Five years on, we look at the only movie Marvel announced but never actually made 1 week ago

Five years on, we look at the only movie Marvel announced but never actually made

It was originally due to be released between Infinity War and Endgame.

Right from the first Iron Man movie was announced in 2016 and released in 2018, every single movie that Marvel announced has arrived in cinemas... except for one.

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Last weekend at San Diego Comic-Con, Marvel took to the stage to lay out its plan of action over the next few years, including most (but not all) of the confirmed entries to come in the Phase Five and Six of its ongoing franchise, which will conclude the Multiverse Saga.

It was the first time that Marvel had presented an updated look at the schedule since 2019, right on the tail of the Infinity Saga, ending with Spider-Man: Far From Home.

But a few years prior to that, in October 2014, studio bosses officially laid out the MCU's Phase Three, beginning with 2016's Captain America: Civil War, all the way up to that ending to the Infinity Saga in 2019.

Buried in the middle of that line-up, there was a movie due for release in between Avengers: Infinity War in April 2018 and Avengers: Endgame in April 2019.

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A movie that never actually arrived, and to this day, the only movie ever announced by Marvel to never materialise.

And that movie was Inhumans.

At the time, Disney still didn't have the rights to the X-Men (or Fantastic Four, or Daredevil, etc.), and it wouldn't until March 2019, following the purchase of 20th Century Fox. But until then, Disney executives planned to have the Inhumans be their answer to the X-Men, telling the story about a group of uniquely powered people and their interactions with the world as we know it.

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In 2014, Marvel head honcho Kevin Feige had this to say about the project:

"We really do believe the Inhumans can be a franchise or a series of franchises unto themselves. They have dozens of powers and an amazing social structure. With our 20th movie in the Marvel Cinematic Universe, we wanted to continue to refine what that universe is about."

That spot as the 20th movie was eventually taken by Ant-Man and the Wasp, when in April 2016, the movie was taken off the Marvel reveal schedule entirely, although they were quick to confirm that the project wasn't cancelled.

By November 2016, even Feige seemed unsure of the future of the project, telling SlashFilm the following:

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"Inhumans will happen for sure. I don't know when. I think it's happening on television. And I think as we get into Phase 4 as I've always said, it could happen as a movie."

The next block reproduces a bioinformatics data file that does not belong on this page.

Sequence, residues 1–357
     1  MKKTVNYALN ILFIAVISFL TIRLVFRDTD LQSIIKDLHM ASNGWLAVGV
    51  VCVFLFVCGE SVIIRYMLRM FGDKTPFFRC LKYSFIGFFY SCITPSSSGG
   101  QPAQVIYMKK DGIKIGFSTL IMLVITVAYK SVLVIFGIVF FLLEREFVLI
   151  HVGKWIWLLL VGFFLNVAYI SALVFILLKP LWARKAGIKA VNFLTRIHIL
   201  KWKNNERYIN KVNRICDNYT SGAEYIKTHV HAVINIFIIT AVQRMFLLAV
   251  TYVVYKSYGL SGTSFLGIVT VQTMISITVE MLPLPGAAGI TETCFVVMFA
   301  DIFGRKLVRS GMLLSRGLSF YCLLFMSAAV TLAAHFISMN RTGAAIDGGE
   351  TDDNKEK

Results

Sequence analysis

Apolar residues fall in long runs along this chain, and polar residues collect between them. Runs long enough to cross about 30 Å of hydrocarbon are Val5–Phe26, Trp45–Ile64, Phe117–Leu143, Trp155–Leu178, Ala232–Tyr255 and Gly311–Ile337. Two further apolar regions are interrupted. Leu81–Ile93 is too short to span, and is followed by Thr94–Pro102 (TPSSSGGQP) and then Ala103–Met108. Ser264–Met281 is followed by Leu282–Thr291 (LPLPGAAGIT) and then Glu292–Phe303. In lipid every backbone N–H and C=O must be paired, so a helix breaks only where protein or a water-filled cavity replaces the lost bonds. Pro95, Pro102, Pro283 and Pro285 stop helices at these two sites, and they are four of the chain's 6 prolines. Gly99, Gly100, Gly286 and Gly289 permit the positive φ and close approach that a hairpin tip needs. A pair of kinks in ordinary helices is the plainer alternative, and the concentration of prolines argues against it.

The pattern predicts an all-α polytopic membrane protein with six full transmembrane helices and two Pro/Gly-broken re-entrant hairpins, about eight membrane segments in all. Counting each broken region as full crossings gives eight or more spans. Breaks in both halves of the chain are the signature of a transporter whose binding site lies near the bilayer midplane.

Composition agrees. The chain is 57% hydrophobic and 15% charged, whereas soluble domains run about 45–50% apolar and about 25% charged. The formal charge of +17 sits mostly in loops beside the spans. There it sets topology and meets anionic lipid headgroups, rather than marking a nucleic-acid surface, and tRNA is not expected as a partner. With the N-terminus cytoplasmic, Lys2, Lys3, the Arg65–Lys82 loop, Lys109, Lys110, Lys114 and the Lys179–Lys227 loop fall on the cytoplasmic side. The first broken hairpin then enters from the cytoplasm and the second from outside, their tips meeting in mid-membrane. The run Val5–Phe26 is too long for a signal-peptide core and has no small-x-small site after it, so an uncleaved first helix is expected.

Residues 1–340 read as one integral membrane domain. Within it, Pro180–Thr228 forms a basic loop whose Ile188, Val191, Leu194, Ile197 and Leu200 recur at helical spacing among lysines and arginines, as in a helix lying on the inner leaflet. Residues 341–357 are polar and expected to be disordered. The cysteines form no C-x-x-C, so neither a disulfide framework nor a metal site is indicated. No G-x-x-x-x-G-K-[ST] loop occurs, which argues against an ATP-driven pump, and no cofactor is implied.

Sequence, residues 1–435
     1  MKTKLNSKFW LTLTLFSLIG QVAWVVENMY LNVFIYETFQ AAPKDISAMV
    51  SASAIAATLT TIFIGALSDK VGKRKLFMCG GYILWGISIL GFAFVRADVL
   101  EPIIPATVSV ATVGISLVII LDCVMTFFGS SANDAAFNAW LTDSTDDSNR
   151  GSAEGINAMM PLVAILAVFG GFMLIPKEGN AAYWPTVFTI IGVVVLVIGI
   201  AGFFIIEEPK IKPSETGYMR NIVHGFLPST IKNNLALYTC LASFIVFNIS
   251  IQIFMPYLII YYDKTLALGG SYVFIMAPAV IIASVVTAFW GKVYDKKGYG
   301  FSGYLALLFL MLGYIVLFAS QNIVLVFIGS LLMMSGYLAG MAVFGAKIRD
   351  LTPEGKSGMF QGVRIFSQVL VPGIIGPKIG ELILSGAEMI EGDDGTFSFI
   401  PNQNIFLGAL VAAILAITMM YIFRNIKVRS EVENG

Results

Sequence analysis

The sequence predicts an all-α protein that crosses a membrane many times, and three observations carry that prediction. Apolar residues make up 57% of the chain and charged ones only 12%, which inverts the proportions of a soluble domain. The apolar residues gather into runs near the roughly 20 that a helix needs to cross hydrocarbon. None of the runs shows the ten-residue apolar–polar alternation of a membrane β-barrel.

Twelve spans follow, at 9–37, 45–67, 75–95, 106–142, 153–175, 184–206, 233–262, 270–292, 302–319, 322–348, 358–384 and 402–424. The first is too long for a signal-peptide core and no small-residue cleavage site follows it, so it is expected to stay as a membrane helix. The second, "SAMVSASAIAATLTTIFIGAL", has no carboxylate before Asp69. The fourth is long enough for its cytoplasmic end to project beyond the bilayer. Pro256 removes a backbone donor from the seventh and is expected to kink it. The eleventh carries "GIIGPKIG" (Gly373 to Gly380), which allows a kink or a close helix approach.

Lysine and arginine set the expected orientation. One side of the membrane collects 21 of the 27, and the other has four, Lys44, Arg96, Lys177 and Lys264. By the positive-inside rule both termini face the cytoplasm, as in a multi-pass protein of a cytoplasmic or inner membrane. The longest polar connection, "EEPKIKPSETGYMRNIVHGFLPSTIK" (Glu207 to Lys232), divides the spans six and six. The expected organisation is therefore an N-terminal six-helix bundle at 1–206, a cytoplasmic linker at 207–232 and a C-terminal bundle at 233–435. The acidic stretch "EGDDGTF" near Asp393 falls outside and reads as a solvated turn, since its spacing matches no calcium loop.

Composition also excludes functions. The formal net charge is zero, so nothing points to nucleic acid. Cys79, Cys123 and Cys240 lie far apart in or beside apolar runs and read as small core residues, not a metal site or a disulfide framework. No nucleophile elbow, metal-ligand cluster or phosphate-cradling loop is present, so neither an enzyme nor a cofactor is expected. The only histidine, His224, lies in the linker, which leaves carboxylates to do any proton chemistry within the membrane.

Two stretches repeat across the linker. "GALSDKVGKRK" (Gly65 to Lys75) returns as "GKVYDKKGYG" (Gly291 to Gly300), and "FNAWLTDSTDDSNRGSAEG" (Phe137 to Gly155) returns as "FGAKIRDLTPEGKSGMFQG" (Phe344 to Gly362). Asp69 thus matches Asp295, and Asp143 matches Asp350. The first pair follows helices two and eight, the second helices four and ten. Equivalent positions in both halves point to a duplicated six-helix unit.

Shortly after, IMAX was announced as a financial partner with Marvel for an Inhumans series, marking the first time they had ever done so for a television series. IMAX paid for the entirety of the first two episodes, hoping to replicate the recent success they had big screen event screenings of Game Of Thrones.

Executive producer Jeff Loeb told IGN that it would be "a television show that is premiering in an IMAX theatre, [...] a unique way to be able to see TV."

That was all well and good, until the show actually arrived.

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The IMAX screenings of the first two episodes made a combined total of $3.5 million worldwide - they are rumoured to have cost between $8 million to $10 million per episode - resulting in the CEO of IMAX to publicly state that it was down to "misalignment of customer expectations", who were expecting "a production akin to a mega-budget blockbuster movie, rather than pilots for a television show".

Which is a very nice way of saying it these were two episodes of a TV show that had no right to be on an IMAX screen, but maybe audiences would show up for the show when it screened for them at home on the ABC network?

Nope!

In the 2017/2018 television season, Inhumans was the 121st most-watched show on TV, and came paired with an 11% score on Rotten Tomatoes. By May 2018, ABC officially cancelled the show.

A year later, Disney had the rights to the X-Men and began making plans to fold them into the MCU, so any and all thought to the cancelled-movie-and-then-cancelled-TV-show was effectively gone... until Doctor Strange in the Multiverse of Madness, when Black Bolt (played by Anson Mount), the leader of the Inhumans in the show, appeared as part of the Illuminati.

Could this mean that Marvel is planning on bringing them back somehow, rebooting the Inhum-

Oh, no, wait, never mind, his head exploded.

But still, that was fun while it lasted.

All eight episodes of Inhumans - and the Doctor Strange movie sequel - are available to watch on Disney+ right now.

Clip via Marvel Entertainment